Edongali, E.A. & Dabaj, K.H. 1982a. Preliminary survey of nematodes associated with vegetable crops in western Libya. Libyan J. Agric., 11:201-204.
Edongali, E.A. & Dabaj, K.H. 1982b. Cauliflower Brassica oleracea cv. capitata cyst nematode in Libya. Libyan J. Agric., 11: 205-206.
Edongali, E.A. & Dabaj, K.H. 1986. Nematodes associated with date-palms (Phoenix dactylifera L.) in some regions of Libya. Proc. 2nd symposium of the date palm. Saudi Arabia.
Edongali, E.A. & El-Majberi, S.H. 1988. Plant-parasitic nematodes associated with citrus plantations in Libya. Pak. J. Nematol., 6: 23-24.
Edongali, E.A. & El-Malih, A.K.R. 1988. Pratylenchus thornei on almond in Libya. Int. Nematol. Network Newsl., 5(3): 44.
Edongali, E.A., Khalifa, M. & Dabaj, M. 1988. Apricot decline, possible cause(s) and control. Libyan J. Agric., 13.
El-Malih, A.R. & Edongali, E.A. 1988a. Plant-parasitic nematodes associated with apple trees in eastern regions of Libya. Libyan J. Agric., 13.
El-Malih, A.R. & Edongali, E.A. 1988b. Plant-parasitic nematodes associated with grape vines in eastern regions of Libya. Libyan J. Agric., 13.
El-Malih, A.R. & Edongali, E.A. 1988c. Plant-parasitic nematodes associated with peach orchards in Libya. Libyan J. Agric., 13.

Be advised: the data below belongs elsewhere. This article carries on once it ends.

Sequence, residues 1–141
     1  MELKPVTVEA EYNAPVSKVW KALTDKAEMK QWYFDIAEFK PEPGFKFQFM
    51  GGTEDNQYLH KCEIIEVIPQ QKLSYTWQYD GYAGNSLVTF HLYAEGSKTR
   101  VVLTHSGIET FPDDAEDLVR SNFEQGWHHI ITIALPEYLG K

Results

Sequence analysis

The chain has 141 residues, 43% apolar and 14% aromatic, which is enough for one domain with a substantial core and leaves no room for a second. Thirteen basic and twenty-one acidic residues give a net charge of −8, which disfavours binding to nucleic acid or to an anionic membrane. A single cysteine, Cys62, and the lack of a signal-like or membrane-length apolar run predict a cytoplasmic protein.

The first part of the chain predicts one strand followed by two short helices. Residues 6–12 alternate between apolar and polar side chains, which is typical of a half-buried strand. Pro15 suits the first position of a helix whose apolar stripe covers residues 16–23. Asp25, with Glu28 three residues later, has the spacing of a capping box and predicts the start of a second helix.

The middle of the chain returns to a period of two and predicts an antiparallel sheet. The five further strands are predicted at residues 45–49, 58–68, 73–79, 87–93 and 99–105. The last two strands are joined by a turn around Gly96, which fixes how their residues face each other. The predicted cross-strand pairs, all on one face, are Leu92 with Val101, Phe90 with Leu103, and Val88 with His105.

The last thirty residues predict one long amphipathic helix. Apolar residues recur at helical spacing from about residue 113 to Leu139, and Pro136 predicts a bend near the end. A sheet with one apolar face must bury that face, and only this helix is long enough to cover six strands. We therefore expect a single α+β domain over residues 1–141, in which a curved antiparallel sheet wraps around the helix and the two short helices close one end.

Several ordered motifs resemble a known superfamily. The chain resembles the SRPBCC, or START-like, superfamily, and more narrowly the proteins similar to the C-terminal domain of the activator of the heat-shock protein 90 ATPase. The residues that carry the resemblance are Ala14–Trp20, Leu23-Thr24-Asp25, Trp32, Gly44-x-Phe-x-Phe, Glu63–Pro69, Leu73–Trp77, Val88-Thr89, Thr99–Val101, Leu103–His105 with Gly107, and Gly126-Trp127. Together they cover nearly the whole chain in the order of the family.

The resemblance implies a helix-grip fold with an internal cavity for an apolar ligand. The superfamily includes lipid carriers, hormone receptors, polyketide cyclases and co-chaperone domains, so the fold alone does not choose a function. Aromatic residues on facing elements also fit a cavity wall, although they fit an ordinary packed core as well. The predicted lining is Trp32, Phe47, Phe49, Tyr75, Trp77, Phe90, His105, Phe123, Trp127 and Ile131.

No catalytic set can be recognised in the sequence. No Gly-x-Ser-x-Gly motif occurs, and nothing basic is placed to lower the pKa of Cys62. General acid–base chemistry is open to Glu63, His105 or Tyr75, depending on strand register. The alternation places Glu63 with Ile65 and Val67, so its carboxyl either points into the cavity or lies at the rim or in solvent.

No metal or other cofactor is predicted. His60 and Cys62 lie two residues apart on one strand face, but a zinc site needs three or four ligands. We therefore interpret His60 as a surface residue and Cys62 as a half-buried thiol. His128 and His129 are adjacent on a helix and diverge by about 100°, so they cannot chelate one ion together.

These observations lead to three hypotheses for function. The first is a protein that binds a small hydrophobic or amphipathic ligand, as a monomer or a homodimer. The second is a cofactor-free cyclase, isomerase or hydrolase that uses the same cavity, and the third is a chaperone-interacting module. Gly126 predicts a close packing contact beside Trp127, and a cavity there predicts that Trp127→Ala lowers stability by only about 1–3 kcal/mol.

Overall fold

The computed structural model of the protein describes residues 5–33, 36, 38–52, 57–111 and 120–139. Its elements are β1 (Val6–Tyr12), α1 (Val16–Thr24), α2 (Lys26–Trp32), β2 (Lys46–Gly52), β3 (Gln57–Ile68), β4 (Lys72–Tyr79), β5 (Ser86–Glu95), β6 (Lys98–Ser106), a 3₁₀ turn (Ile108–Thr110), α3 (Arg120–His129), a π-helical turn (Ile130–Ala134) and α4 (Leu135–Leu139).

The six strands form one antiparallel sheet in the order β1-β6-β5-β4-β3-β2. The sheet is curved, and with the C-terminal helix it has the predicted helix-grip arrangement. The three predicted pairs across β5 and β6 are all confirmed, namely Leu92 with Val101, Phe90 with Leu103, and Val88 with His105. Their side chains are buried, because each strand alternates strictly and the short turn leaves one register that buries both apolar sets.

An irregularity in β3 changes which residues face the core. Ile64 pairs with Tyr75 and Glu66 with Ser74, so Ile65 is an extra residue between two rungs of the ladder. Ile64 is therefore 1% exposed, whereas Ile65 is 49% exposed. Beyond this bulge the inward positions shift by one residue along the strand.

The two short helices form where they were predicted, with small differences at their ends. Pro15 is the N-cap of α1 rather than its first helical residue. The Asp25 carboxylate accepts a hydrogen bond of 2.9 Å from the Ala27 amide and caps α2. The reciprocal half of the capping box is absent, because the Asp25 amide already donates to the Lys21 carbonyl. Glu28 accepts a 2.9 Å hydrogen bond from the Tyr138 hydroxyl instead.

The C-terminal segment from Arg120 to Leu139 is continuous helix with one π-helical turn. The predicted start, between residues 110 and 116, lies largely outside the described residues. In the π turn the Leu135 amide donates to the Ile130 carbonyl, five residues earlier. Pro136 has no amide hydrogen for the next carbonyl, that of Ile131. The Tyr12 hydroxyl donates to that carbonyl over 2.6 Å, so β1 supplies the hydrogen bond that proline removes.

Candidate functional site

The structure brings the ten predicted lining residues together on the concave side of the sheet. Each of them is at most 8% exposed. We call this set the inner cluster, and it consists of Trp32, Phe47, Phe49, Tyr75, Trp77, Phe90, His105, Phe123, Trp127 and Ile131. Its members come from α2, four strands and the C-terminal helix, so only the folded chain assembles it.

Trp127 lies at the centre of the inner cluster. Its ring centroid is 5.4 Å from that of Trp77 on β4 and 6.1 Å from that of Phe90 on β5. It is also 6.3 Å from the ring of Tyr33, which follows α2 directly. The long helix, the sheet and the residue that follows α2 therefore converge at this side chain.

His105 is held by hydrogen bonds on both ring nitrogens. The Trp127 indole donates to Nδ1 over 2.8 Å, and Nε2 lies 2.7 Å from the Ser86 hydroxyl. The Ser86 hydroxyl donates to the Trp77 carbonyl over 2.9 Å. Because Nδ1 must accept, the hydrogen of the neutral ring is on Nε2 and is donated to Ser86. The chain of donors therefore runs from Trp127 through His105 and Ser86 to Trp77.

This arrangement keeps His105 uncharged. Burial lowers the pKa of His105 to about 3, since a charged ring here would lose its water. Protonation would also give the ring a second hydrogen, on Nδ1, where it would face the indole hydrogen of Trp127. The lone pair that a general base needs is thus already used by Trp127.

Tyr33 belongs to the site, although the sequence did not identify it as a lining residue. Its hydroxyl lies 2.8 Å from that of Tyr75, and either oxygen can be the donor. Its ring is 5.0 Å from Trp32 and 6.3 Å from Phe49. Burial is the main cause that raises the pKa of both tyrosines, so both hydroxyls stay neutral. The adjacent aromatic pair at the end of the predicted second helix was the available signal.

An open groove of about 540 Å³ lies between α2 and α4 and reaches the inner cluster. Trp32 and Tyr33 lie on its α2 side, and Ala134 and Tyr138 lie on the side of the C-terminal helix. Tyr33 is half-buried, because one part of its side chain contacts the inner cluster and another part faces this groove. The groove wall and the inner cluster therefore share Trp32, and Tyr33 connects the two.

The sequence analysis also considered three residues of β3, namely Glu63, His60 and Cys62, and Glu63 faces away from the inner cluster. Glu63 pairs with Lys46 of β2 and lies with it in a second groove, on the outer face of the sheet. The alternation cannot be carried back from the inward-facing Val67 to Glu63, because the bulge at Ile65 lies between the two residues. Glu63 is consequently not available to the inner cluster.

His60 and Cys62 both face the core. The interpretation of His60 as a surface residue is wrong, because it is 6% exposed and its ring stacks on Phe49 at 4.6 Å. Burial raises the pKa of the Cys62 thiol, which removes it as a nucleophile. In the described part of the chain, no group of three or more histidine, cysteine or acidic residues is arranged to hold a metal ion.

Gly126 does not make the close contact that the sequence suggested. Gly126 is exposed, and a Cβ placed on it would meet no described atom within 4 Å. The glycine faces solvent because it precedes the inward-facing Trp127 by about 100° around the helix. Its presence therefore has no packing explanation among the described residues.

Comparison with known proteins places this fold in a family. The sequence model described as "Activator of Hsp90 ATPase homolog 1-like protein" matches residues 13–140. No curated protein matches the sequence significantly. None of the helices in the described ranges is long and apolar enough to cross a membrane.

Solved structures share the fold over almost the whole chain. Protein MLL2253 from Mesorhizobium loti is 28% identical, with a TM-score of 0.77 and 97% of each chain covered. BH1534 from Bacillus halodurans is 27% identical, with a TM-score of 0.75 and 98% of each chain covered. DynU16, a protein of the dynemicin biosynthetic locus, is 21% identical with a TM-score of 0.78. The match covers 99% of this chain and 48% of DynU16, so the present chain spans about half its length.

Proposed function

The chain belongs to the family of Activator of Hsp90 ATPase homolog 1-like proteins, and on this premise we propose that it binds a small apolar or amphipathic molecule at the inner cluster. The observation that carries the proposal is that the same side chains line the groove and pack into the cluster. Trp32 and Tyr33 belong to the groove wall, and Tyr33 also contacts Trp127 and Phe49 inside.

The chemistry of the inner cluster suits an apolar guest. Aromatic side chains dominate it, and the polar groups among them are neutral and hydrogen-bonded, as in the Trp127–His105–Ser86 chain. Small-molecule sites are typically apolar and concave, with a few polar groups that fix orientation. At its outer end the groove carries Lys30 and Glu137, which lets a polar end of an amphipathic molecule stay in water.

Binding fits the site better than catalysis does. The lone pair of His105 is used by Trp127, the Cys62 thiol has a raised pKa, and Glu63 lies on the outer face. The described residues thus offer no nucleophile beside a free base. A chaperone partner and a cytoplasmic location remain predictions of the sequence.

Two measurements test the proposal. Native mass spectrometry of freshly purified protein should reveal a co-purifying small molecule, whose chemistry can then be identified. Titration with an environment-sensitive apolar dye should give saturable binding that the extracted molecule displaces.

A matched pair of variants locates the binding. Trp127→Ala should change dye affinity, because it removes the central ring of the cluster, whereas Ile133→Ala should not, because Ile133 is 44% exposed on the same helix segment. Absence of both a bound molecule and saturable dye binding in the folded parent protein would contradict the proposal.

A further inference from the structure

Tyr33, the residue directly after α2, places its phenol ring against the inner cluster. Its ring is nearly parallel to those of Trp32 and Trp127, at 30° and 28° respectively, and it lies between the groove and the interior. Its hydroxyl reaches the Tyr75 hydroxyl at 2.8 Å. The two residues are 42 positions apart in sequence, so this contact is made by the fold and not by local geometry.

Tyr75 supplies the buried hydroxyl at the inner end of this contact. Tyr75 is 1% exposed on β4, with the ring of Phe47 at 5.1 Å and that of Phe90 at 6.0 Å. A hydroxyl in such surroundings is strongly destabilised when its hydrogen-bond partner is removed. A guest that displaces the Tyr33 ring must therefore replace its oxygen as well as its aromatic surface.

Faraj, I.S., Khan, M.W. & Dabaj, K.H. 1980. Root-knot disease of cabbage and lettuce from Tripoli Province - a new record for Jamahiriya. Libyan J. Agric., 9: 123-126.
Fourgani, G.M. & Edongali, E.A. 1989. Speciation of root-knot nematodes (Meloidogyne spp.) associated with crop plants in Libya. Int. Nematol. Network Newsl., 6(1): 38-39.
Khan, M.W. 1979. State of knowledge of root-knot nematodes in the Libyan Arab Jamahiriya. Proc 2nd research and planning conference on root-knot nematodes, Meloidogyne spp., p. 127-129. Region VII, Athens, Greece, 26-30 November. (International Meloidogyne Project, Contract No. AID/ta-o-1234.) Raleigh, NC, USA, North Carolina State University.
Khan, M.W. & Dabaj, K.H. 1980. Some preliminary observations on root-knot nematodes of vegetable crops in Tripoli region of the Libyan Arab Jamahiriya. Libyan J. Agric., 9: 127-136.
Khan, M.W. & Siddiqi, Z.A. 1986. Some comments on root-knot infecting vegetables in Libya. Int. Nematol. Network Newsl., 3(2): 18-20.
Siddiqi, M.R. 1981. Six new genera of dorylaimid nematodes. Nematologica, 27: 397-421.
Siddiqi, M.R. & Siddiqi, Z.A. 1983. Paratrophurus acristylus sp. n. and Tylenchorhynchus graciliformis sp. n. (Nematoda: Tylenchida) from wheat fields in Libya. Proc. Helminthological Society of Washington, 50: 301-304.
Siddiqi, Z.A. & Khan, M.W. 1986a. Nematodes causing damage to wheat crops in Libya. Int. Nematol. Network Newsl., 3(1): 23.
Siddiqi, Z.A. & Khan, M.W. 1986b. A survey of nematodes associated with pomegranate in Libya and evaluation of some systemic nematicides for their control. Pale. J. Nematol., 4: 83-90.
Siddiqi, Z.A., Rashid, A., Farooqi, N. & Bisheya, F.A. 1987. A survey of plant-parasitic nematodes associated with citrus in Libya and trials on chemical control. Indian J. Nematol., 17: 76-80.